Re-united. There are so many wonderful wonderful stories of reunions. Everyone loves a happy ending they are so emotionally contagious. Happy endings in the animal rescue world are the highs that keep the volunteers coming back to help out again and again. We landed in on an unexpected high that morning in Iwaki.
Chappy when we met.
Everyone's focus was on how the 5 cats had morphed into 9 and how the cages were going to be arranged in the car. Off to the side was Chappy, a 15 year old Shiba who was clearly unimpressed with all the goings on. In fact she was positively withdrawn. She didn't wag her tail when we got down to her level to say hi. She didn't recoil, she didn't look away, look down, look scared she just looked blue. She sat passively by as the cat shenanigans were happening all around her.She seemed to enjoy getting her chin rubbed as she would proffer it up just a little as you were scratching it. When you stopped she just resumed her depressed posture.

She had escaped the tsunami but her family's house had not. It lay in rubble. Her owner had been evacuated to a no pets evacuation center.When he and Chappy found each other again rather than cause hassle at the center he brought her 'home'. He visited her and fed her every day. But then he and his wife were moved to Government housing in Chiba. Government housing the length and breadth of the country does not allow pets in any shape or form. He asked family members to care for Chappy but she escaped and went back to the pile of rubble she had called home. For a few days the son and daughter-in-law tried to catch her. Chappy wasn't having any of it and she wasn't going anywhere with anyone who weren't her 'direct family'. Home is where the heart is right? The family members got in touch with Animal Friends (JEARS) and through a group AF were working with, Last Chance for Animals, Chappy was finally caught. And now here she was sitting in front of Iwaki station with 9 cats and a whole group of people she didn't know. No wonder things weren't thrilling.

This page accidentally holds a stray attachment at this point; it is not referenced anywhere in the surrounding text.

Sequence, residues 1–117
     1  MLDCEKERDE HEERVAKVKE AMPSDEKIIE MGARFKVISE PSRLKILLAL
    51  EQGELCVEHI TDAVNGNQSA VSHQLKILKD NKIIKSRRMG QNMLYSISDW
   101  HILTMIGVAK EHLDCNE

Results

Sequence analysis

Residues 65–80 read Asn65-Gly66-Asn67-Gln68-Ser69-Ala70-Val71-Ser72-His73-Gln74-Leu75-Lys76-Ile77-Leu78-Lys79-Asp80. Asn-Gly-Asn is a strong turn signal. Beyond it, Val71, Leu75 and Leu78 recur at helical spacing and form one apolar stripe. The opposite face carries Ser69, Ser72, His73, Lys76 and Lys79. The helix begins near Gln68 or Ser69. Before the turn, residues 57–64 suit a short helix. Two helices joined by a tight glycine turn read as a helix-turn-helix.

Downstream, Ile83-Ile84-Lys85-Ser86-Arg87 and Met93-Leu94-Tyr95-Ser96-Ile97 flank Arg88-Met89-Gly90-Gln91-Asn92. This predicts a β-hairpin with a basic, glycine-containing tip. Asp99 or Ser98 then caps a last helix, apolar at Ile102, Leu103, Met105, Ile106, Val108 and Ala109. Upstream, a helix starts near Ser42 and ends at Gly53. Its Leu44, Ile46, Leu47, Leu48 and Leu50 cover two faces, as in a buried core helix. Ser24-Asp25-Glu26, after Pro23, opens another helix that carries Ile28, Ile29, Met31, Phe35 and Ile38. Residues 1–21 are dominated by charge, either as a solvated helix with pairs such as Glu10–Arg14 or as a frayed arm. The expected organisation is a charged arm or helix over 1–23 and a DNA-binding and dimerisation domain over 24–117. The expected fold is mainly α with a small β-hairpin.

What Chappy didn't know was that her people were in transit to see her, ALL her people. We got the call that they had arrived. She spotted them coming from across the taxi rank.She stood up, she squinted and if she could have spoken she'd probably have said "What the......?!AAAHAHAHAHAHHAHHHH"
The grandchild arrived first with his mother, then a Dad. With each new arrival Chappy's elation reached new levels. I thought if a dog could burst then this was where it was going to happen. We watched as this previous bundle of sadness turned into an overjoyed firecracker of excitedness. Circling, jumping, tail wagging licking and dog laughing*,. When she calmed a bit she only had eyes for her family. She wouldn't move away from them for anything, she gave velcro a run for its money.Then joy would well up in her again and she'd have to do her happy jumpy circle dance.